By Joshua McMorrow-Hernandez for CoinWeek …….
“Now is the time to build bridges. When the flood comes, and it will come, you need to be ready. It will be too late to prepare.”
Walter Perschke, the Chicago numismatist who famously set a world record when he paid more than US$400,000 for a 1787 Brasher Doubloon in 1979, passed away on May 20, 2016 after battling bladder cancer.
Long before Perschke rose to national prominence as a numismatist and coin industry expert, he started as a Windy City entrepreneur, launching a coin firm called Numisco, Inc. in 1968.
“I worked there for two years,” says Bob Greenstein of Harlan J. Berk, Ltd. (HJB), another well-known Chicago-based coin dealership. “I was a freshman in college,” he says. Recalling that Perschke was often occupied with handling day-to-day matters at the company, Greenstein says his stint at Numisco from 1972 through 1974 was a pivotal first chapter in what became a lifelong career.
“It was my first job,” says Greenstein, who now serves as Chief Financial Operator at Berk Ltd.
Dennis Forgue, one of Greenstein’s colleagues at HJB, has vivid memories of the late Chicago dealer. Forgue was the auctioneer at the 1979 Rare Coin Company of America (RARCOA) auction in which Perschke bought the Brasher Doubloon, a rare pre-Federal United States gold coin. It had previously sold for $3,000 in 1922.
“Walter and another bidder were competing against the coin, and they bid for the coin by holding up a pencil in front of them,” recalls Forgue. “Nobody could see who was bidding.”
When the hammer finally dropped on the 1787 Brasher Doubloon for the then-world record price of $430,000, Forgue remembers that nobody knew immediately who had placed the successful bid. “Who was it, who was it?, everybody was yelling,” he relates of the buzz at Auction ’79.
The excitement was unsurprisingly palpable for the storied gold coin; only seven known specimens were struck by Ephraim Brasher, a New York City goldsmith who once called George Washington a neighbor. The Brasher Doubloon was a coin that, according to industry expert Scott Travers, helped Perschke make a “spectacular splash” in the numismatic world.
“I remember seeing Perschke interviewed on Louis Rukeyser’s Wall $treet Week and out [Perschke] comes making a dramatic entrance flipping his Brasher Doubloon on the air,” Travers chuckles. “It was the same coin that helped Perschke make a dramatic exit when it failed to bring what he expected,” he continues.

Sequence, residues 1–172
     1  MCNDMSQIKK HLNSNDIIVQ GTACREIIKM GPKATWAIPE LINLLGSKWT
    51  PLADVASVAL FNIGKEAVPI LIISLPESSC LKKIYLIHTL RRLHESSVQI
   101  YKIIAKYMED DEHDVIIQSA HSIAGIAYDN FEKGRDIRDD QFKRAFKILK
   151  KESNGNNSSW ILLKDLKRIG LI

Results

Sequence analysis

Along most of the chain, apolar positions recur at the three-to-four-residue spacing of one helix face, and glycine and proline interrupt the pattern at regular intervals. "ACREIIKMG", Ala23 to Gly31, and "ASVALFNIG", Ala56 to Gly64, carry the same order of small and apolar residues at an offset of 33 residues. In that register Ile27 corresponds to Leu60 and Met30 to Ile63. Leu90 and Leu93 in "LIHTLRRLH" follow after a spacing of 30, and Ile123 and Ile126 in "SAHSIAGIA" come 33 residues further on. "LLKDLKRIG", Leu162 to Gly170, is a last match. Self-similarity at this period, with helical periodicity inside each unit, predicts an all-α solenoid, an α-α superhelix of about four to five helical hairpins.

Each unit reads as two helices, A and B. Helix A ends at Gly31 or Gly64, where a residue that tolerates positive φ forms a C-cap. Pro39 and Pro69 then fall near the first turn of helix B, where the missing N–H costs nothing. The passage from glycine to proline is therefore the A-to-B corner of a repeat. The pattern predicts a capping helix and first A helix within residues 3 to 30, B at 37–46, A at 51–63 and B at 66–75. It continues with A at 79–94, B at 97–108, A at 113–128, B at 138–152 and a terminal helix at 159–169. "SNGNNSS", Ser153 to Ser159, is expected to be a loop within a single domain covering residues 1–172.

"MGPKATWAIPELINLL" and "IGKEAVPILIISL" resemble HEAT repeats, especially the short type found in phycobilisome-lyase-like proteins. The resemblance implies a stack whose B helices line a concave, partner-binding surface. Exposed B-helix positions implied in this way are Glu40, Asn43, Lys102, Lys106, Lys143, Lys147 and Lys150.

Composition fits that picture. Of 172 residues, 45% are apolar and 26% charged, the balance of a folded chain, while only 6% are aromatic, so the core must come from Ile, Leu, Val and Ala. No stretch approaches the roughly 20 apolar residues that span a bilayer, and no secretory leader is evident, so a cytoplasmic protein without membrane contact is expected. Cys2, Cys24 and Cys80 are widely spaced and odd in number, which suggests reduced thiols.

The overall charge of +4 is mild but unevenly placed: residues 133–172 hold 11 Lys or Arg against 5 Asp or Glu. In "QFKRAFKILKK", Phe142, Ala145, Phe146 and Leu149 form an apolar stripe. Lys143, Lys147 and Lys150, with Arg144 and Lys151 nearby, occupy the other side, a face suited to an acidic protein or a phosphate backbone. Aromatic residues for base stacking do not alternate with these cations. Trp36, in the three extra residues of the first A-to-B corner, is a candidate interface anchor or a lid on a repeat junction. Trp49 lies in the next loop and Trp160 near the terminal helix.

Indeed, Perschke was visibly shaken when his Brasher Doubloon, described as “Almost Uncirculated” in 1979 but later graded MS-63 by the Numismatic Guaranty Corporation (NGC), failed to bring its anticipated price at the Heritage Auction Platinum Night sale in Orlando, Florida, during the Florida United Numismatists (FUN) convention.
“I felt that of any American coin, it probably has the most romance and the most enthusiastic interest among collectors,” said Perschke of the Brasher Doubloon in a 1987 Chicago Sun-Times interview. “It had the history. It had the pizzazz. It had the marketability.”
Like-thinking analysts believed the coin could fetch as much as $10 million, but it traded hands for the relatively small hammer price of $3.9 million ($4,582,500 with 17.5% buyer’s fee). Perschke, who held the coin for some 35 years, left the auction floor mere moments after bidding was over.
The previous year, however, Perschke had sold another seven-figure coin: the 1783 Nova Constellation Type II Quint Pattern coin, which sold for nearly $1.2 million in 2013. That’s more than 20 times the $55,000 he paid for it at the famous Bowers and Ruddy sale of the Garrett Collection in 1979.
“What I remember about Perschke is that he was a pioneering spirit who helped bring the world of investment into numismatics,” continues Travers. In addition to his multiple guest appearances on Wall $treet Week, Perschke wrote a finance column for the Chicago Daily News and produced his own Emmy-nominated television show called Ask an Expert, which appeared on Chicago television station WCIU-26.
He also wrote pamphlets and reports on such topics as gold and silver investing, rare coins and how to buy and sell at auction.
In 1986, Perschke was caught up in an undercover sting operation run by the Internal Revenue Service (IRS) as part of an aggressive campaign against numerous coin and bullion dealers around the country. He was charged with failing to report two cash sales amounting to more than $10,000 and ultimately pled guilty in 1992. As a result, Perschke was sentenced to a six-month prison term.
Yet through thick and thin, from his high school days until the end of his life, Perschke remained a devout numismatist.
In recent years he had also turned to a higher calling, buying the metaphysical Monthly Aspectarian magazine in 2014 and renaming it Conscious Community magazine. He also served as president of Chicago’s Spiritual Learning Center, where he led various camps and retreats.
Perschke is survived by his children Kurt, Ian, Lara, and Adam; his brothers John and William; and his granddaughter Lily. A public memorial service is planned for June 26 at Unity Church in Chicago, and donations may be made to the Chicago Symphony Orchestra.
Walter Perschke was born in McHenry, Illinois, on February 25, 1939. He was 77 years old.
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